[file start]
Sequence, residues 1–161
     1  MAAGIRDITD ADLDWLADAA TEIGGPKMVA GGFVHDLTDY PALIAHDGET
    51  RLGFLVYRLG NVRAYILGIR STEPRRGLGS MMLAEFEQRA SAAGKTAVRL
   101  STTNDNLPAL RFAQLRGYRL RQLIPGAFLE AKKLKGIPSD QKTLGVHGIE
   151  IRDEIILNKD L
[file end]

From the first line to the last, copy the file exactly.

Sequence, residues 1–161
     1  MAAGIRDITD ADLDWLADAA TEIGGPKMVA GGFVHDLTDY PALIAHDGET
    51  RLGFLVYRLG NVRAYILGIR STEPRRGLGS MMLAEFEQRA SAAGKTAVRL
   101  STTNDNLPAL RFAQLRGYRL RQLIPGAFLE AKKLKGIPSD QKTLGVHGIE
   151  IRDEIILNKD L